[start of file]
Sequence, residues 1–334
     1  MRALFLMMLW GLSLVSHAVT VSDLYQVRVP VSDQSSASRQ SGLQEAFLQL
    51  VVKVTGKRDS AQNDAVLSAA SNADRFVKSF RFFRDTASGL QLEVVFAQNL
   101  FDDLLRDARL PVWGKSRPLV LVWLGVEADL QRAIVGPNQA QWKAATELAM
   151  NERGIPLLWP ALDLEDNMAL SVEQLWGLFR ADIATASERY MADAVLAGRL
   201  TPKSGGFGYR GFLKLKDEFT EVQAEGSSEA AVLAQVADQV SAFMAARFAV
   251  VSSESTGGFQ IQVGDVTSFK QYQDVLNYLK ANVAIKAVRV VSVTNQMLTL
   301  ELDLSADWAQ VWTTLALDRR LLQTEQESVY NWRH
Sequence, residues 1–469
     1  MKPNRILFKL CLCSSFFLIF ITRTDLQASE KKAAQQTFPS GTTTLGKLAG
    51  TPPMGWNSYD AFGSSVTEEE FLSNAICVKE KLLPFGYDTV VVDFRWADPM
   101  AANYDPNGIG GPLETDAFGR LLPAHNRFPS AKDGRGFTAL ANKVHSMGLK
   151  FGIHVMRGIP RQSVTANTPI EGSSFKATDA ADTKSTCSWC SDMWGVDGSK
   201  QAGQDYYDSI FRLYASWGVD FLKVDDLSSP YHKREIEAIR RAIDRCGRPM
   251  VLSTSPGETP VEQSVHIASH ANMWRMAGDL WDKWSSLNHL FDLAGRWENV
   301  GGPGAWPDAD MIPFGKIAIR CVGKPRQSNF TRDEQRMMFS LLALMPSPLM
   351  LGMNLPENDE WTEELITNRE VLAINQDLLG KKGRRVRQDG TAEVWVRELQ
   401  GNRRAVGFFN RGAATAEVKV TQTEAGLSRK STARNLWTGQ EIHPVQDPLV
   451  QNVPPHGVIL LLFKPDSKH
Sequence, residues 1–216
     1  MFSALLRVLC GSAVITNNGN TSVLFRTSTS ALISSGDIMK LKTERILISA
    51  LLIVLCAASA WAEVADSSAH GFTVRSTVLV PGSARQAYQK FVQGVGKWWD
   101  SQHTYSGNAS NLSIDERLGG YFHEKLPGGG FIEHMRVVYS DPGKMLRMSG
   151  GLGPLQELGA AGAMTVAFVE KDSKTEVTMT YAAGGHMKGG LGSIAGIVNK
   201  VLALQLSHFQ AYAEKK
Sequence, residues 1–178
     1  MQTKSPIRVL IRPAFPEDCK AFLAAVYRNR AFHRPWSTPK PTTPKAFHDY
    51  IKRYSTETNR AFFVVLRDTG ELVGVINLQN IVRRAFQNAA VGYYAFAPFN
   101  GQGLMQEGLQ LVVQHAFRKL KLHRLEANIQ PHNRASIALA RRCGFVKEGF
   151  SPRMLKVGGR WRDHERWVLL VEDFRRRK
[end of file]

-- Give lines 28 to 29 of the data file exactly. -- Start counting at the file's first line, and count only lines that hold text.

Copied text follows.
    51  IKRYSTETNR AFFVVLRDTG ELVGVINLQN IVRRAFQNAA VGYYAFAPFN
   101  GQGLMQEGLQ LVVQHAFRKL KLHRLEANIQ PHNRASIALA RRCGFVKEGF